AMCA Responds to Electrotechnologies Skills Forecast 2018

Published: 20 February 2018

The AMCA welcomes the findings of the Electrotechnology Industry Skills forecast, which we confirm is largely consistent with the feedback we have received via our own member surveys and anecdotal reports. 

Key points raised by the AMCA as part of our submission include:

  • A key concern of our members relates to the supply of apprentices to the commercial segment of their industry. This is a complex problem with multiple factors requiring consideration, including the attractiveness of the industry to prospective apprentices, the duration of the certificate III relative to other options, and the incentives for training institutions to offer the apprenticeship.
  • There is a strong demand from industry for apprentices to be more job ready at the completion of their apprenticeship. This requires increased emphasis on pre-apprenticeships, including preparatory training and education focused on language, literacy and numeracy.
  • Issues related to language, literacy and numeracy are also a contributing factor to the challenges being experienced by training organisations in the delivery of current qualifications. We believe these are best addressed before a student begins their apprenticeship and the current Commonwealth Government’s skills strategy provides a significant opportunity to promote the broader development and uptake of pre-apprenticeships.
  • Advancements in technology and the diversity of applications found in commercial buildings presents a continual challenge for training institutions to ensure that apprentices and post-trade students can be trained with the latest technologies, applications and techniques.
  • Similarly, changes in technology present a significant challenge for teachers to remain current in their technical knowledge. A professional development pathway for teachers to upskill on the latest technologies and pedagogical practices is vital for teacher attraction, retention and the quality of training outcomes for students.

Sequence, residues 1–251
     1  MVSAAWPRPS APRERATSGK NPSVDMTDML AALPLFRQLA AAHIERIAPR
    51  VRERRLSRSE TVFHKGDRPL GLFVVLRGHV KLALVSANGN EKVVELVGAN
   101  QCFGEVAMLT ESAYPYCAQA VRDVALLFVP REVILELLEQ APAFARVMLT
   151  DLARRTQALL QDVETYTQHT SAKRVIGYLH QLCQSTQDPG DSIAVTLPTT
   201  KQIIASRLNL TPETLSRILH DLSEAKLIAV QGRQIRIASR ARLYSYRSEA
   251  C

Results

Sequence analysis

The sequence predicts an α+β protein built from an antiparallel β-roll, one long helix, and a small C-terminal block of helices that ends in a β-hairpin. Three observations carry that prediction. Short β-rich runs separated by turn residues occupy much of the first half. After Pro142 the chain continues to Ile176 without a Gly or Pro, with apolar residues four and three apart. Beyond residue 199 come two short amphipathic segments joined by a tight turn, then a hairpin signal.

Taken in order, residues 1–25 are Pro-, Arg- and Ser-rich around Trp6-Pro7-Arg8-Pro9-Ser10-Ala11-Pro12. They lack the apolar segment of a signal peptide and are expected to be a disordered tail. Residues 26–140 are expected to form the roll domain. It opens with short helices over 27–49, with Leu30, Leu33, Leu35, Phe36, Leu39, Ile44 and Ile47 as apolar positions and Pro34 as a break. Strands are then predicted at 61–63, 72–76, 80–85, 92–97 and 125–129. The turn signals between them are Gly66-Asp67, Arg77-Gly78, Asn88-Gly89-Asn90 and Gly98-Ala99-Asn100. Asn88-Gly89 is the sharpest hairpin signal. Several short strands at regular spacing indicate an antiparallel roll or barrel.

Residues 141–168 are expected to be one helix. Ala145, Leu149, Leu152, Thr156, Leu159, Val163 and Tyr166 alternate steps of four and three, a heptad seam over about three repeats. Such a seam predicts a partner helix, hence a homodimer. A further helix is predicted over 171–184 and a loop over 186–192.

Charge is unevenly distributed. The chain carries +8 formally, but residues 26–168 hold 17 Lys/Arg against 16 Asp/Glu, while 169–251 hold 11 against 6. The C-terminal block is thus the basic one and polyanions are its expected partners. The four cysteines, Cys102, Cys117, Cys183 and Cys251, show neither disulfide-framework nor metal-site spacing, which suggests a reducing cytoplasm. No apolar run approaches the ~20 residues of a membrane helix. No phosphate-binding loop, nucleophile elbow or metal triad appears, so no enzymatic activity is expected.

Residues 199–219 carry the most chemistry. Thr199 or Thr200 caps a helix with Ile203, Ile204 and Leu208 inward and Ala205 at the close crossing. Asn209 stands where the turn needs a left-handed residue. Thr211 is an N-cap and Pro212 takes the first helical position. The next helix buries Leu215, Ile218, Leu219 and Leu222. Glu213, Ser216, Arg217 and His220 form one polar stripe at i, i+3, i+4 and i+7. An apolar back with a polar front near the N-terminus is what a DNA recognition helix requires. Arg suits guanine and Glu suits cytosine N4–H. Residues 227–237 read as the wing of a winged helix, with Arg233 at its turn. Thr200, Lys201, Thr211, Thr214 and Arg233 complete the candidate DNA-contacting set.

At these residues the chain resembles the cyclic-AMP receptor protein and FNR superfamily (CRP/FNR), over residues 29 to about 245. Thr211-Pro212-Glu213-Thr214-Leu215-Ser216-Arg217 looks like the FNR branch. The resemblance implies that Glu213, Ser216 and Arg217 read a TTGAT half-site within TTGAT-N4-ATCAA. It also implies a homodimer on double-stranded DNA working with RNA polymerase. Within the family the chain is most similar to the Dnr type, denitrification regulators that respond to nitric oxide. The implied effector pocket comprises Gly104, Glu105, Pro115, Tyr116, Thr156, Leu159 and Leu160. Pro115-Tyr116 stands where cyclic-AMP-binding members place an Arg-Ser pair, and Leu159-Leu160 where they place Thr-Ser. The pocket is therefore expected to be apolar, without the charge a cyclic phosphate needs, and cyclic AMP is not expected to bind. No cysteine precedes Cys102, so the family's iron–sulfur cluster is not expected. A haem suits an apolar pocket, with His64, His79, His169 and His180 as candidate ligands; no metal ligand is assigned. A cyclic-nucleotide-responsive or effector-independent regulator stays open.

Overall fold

• The current process for revising and updating training packages requires a long lead time, hindering the ability of training providers to respond to the needs of industry, and industry’s ability to deliver innovative and best practice outcomes for clients.
  • In technology driven industries (such as air conditioning and refrigeration) it must be a fundamental objective of the training system to ensure that technicians have the knowledge and aptitude that will allow them to grasp new technologies as they hit the market.
  • A combination of commercial and policy drivers is likely to see increased demand for skills that can deliver better environmental outcomes, especially energy efficiency.
  • The issue of higher level skills and post-trade training identified in the discussion paper is an ongoing concern for industry and is likely to intensify. One important example relates to the changing profile of gases contained in air conditioning and refrigeration systems, which has implications for both the performance and safety of the systems.

 Download the AMCA's submission here